As director, Berenson taught the girls at the school gymnastics, however the students were not enthusiastic about the sport. She began investigating to find a sport that the girls would like and came upon the new sport of basketball, developed by James Naismith. At this time team sports were unknown to women, so her initial experiment in basketball was in itself revolutionary. The women at the school soon became enthusiastic about the new sport. She pitted the freshman and sophomore classes in a game played on March 22, 1893. No men were permitted to watch the game.

Berenson also played an important role in establishing other team sports to Smith College, including volleyball, field hockey and fencing. In 1911 she married Herbert Vaughan Abbott, after which she retired from Smith College.

Senda Berenson watched the game as devised by Naismith a month or so after he devised it. Boys basketball was incredibly rough, so she decided to revise the rules to reflect a more “feminine,” style of play. She divided the court into three sections. The zone nearest the team’s offensive basket were the shooters responsible for scoring points. The middle zone’s players were the passers. The players near the team’s defensive goal were rebounders and defenders. The players assigned to each zone were confined to that zone. Berenson deemed that stealing the basketball from an opponent was too “masculine,” and was banned. Upon receiving the ball a player was limited to dribbling three times and could only hold the ball for three seconds. A jump ball followed every score. Since games between different schools were considered too competitive, only games between teams in the same school were scheduled. To discourage rivalry between teams developing, the team rosters were rotated periodically. As with boy’s basketball, the popularity of the new sport spread quickly to other schools. Berenson did not publish her rules until 1899.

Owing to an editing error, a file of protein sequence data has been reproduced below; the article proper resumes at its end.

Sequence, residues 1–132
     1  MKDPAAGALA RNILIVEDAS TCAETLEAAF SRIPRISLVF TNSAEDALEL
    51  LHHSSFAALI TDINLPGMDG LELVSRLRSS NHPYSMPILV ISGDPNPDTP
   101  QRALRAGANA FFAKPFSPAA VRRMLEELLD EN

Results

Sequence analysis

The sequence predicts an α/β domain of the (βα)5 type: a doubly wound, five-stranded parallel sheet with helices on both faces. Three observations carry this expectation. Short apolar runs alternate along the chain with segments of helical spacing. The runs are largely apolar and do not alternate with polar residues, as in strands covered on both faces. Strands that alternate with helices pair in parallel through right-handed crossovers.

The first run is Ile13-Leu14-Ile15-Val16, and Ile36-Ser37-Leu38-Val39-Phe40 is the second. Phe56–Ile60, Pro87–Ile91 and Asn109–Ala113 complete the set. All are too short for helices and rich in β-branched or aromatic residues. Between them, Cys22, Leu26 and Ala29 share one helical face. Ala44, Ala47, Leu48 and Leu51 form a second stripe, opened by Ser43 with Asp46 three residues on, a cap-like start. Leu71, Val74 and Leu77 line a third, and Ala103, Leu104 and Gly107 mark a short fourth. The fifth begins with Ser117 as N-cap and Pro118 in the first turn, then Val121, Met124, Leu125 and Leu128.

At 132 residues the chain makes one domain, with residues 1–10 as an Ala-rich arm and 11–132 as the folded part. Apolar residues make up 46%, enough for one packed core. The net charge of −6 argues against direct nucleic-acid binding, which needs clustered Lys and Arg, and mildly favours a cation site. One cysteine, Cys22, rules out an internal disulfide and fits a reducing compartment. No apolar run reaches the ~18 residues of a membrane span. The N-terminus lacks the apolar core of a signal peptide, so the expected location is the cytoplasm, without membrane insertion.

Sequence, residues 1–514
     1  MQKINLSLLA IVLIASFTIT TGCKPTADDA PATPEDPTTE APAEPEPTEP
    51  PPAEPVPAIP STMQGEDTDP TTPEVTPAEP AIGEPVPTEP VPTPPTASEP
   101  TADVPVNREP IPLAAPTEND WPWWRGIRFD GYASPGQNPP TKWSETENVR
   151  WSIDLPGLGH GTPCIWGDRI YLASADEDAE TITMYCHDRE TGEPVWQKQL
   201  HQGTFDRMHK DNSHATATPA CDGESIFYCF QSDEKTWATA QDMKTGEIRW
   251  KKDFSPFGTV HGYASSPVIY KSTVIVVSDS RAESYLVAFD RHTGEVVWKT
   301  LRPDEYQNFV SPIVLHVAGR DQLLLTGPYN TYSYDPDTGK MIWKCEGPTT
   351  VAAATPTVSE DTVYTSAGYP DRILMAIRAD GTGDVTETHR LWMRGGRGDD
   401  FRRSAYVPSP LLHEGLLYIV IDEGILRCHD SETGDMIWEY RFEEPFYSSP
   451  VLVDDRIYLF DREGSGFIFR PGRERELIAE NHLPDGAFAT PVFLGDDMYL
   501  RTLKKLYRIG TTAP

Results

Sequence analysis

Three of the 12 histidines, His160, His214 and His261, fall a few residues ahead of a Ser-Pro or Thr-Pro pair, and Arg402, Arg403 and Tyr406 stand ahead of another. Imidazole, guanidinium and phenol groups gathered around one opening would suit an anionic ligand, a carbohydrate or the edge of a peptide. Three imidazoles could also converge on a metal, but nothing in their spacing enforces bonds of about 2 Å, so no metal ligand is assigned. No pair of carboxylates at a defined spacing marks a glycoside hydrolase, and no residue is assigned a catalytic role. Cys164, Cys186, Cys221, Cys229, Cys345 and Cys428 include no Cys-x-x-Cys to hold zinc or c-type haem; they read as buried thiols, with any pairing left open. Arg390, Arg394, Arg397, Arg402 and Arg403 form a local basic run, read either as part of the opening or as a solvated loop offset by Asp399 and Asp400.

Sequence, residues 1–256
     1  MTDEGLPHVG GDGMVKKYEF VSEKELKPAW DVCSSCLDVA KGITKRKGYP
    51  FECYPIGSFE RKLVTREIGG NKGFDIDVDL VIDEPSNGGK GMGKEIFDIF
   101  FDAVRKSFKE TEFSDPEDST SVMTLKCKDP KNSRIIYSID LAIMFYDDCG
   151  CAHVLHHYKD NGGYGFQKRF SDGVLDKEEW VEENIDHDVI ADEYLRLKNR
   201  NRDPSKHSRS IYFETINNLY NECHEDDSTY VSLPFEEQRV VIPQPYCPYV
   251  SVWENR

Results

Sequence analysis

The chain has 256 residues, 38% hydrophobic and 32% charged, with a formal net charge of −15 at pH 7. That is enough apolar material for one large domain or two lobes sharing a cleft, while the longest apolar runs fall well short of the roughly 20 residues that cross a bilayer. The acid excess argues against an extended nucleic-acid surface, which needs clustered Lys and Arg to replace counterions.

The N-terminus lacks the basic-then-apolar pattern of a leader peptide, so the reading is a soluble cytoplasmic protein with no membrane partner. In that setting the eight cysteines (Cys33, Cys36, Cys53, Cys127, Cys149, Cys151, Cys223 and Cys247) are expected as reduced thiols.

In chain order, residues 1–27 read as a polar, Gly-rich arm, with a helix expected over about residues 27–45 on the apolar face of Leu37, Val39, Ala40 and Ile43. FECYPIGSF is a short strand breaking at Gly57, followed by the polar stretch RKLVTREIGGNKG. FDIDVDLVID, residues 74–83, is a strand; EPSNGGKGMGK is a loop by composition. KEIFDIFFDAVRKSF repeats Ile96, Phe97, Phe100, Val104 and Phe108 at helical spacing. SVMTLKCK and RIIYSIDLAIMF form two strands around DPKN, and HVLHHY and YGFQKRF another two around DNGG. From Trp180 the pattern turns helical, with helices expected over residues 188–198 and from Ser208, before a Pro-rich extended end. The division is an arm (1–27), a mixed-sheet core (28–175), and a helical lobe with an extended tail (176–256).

Clara Gregory Baer devised another version of basketball rules during her tenure as instructor of Physical Culture at Sophie Newcomb Memorial College in New Orleans.
Clara Gregory Baer (August 27, 1863 – January 19, 1938)